Jul 30, 2012 @ 12:46:00 am
At The Millions, Ted Scheinman considers attention deficit in literature—that is, not the representation of ADD in books, but rather how short attention spans can be in the classics. The canonical example of a “jumpy, distracted” book is Tristam Shandy. In Shandy, Scheinman claims that not only is “attention deficit, for Sterne... not something to be feared in the reader—it is the basis for his process of composition.”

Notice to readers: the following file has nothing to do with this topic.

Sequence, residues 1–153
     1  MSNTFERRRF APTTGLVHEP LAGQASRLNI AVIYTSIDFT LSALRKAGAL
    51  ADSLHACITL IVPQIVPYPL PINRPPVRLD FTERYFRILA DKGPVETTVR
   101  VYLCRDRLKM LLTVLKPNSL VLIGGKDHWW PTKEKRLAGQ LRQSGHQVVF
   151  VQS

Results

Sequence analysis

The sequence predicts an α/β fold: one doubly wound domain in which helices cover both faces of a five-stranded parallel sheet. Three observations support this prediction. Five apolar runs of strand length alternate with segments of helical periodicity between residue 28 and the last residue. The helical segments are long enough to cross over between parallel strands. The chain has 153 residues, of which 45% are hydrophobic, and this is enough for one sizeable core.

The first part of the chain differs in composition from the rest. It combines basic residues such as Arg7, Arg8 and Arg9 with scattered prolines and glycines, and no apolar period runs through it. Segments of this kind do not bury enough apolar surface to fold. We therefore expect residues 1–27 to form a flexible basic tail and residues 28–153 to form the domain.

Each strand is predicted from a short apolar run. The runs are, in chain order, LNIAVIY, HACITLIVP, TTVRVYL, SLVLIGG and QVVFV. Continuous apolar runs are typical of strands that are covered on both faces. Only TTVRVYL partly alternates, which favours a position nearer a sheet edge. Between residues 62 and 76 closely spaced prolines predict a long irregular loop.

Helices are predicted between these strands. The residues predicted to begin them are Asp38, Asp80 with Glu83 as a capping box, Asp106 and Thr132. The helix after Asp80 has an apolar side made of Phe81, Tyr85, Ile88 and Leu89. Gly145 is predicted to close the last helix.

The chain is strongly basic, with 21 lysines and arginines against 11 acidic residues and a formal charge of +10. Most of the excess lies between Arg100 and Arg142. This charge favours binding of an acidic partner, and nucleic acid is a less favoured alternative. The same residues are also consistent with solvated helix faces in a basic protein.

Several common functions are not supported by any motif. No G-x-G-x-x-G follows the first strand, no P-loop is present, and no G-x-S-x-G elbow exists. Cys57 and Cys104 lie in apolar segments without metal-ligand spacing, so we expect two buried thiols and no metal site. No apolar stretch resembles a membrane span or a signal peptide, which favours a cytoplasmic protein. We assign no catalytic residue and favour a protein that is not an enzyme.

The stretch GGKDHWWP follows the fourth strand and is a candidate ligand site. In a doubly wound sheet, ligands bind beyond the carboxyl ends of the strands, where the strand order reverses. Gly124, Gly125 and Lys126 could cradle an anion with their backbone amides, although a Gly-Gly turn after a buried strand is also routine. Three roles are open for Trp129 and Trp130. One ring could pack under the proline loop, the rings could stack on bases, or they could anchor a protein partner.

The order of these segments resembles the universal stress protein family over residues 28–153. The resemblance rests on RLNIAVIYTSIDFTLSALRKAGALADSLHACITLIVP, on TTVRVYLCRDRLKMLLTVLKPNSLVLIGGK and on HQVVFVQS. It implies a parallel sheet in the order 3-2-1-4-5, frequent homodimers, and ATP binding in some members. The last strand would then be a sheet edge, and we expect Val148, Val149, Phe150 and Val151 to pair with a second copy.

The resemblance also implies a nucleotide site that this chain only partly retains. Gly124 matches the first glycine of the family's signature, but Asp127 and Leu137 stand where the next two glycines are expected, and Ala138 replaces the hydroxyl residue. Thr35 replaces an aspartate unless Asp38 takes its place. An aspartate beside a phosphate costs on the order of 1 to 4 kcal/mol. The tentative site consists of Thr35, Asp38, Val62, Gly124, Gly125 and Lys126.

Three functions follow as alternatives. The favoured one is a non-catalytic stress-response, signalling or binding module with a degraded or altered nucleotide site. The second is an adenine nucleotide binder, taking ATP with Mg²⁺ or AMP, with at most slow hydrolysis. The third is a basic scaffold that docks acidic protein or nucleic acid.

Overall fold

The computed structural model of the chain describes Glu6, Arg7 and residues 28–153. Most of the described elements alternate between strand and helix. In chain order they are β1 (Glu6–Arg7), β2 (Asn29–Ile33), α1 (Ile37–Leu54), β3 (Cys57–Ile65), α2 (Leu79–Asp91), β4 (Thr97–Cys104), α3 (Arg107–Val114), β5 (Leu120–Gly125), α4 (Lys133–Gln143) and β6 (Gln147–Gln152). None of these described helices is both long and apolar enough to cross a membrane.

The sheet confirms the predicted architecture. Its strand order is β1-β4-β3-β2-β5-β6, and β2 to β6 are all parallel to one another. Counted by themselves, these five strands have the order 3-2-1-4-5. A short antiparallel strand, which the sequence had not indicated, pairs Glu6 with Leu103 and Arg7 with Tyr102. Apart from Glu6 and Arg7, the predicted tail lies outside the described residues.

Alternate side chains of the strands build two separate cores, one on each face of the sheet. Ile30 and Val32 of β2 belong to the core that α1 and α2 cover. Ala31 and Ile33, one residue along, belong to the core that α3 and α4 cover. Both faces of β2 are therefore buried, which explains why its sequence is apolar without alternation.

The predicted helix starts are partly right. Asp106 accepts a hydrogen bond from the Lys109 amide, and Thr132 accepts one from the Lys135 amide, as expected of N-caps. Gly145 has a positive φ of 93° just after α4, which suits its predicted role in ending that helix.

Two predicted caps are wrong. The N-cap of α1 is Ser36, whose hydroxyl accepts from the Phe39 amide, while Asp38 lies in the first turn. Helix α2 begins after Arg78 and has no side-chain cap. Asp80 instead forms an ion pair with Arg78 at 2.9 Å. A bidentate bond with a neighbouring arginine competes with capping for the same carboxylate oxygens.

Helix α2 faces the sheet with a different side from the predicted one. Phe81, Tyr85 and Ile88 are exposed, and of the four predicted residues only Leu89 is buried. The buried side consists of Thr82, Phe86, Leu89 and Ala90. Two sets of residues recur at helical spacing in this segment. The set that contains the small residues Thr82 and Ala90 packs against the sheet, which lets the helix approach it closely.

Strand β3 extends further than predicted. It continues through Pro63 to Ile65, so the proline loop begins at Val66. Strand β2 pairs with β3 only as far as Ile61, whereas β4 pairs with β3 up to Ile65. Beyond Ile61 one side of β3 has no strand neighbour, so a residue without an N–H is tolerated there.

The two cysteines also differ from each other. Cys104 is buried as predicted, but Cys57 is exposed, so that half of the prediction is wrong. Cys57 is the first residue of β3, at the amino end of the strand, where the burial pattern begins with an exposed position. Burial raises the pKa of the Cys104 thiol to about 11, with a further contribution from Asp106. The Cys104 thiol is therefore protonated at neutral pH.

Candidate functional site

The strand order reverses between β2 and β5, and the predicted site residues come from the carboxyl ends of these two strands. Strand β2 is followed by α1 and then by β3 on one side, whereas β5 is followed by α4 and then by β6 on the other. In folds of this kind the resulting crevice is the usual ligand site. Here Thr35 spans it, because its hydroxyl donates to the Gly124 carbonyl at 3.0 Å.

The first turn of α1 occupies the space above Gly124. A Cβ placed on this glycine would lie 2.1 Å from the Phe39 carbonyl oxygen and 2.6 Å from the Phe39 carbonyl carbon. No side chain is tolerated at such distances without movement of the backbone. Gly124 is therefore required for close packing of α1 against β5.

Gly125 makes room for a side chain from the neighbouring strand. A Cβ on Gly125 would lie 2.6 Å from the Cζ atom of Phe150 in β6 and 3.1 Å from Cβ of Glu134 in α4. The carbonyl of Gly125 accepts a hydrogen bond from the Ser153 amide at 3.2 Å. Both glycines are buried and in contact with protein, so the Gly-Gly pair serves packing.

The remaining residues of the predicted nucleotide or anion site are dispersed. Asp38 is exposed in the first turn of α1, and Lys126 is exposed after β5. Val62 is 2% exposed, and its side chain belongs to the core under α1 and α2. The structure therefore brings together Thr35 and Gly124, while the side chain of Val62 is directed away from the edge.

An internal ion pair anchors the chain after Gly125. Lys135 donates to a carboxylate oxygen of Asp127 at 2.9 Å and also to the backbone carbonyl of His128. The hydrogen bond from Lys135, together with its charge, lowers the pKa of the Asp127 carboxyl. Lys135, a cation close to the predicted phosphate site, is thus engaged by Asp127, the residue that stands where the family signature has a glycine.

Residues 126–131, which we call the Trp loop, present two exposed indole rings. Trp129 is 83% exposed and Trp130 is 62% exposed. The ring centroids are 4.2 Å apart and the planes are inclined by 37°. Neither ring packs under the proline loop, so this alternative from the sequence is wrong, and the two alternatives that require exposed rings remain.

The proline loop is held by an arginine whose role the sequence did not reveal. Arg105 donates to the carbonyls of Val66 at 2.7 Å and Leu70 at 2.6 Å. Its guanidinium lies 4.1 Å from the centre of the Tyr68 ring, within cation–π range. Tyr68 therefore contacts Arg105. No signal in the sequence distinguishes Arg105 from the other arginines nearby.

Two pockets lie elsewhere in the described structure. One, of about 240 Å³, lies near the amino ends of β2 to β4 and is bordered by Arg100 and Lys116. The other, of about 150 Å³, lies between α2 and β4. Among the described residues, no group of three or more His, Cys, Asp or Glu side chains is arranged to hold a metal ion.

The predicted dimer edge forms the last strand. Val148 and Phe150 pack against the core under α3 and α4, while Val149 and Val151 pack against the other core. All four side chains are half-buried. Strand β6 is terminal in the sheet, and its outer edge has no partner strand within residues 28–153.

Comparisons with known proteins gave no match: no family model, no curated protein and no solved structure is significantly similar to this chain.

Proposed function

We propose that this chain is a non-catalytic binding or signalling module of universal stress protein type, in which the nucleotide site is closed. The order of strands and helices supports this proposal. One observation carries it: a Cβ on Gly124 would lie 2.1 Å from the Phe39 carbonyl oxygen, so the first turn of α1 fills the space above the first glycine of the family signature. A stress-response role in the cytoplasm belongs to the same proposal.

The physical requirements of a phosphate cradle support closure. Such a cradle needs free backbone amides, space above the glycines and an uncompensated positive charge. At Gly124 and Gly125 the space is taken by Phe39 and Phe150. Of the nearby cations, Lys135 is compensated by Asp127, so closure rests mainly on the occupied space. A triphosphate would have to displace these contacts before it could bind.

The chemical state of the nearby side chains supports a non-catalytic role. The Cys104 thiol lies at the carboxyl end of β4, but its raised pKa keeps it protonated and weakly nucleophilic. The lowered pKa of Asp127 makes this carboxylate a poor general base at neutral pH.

It’s the how-to issue of the New York Times Book Review. In this issue, Colson Whitehead explains how to write (among his tips: “Keep a dream diary”); Roger Rosenblatt lays out “how to write great” (great what, we’re not sure); Augusten Burroughs offers a primer on how to write how-tos; and in the grand tradition of M.F.K. Fisher, Kate Christensen explains how to cook a clam.
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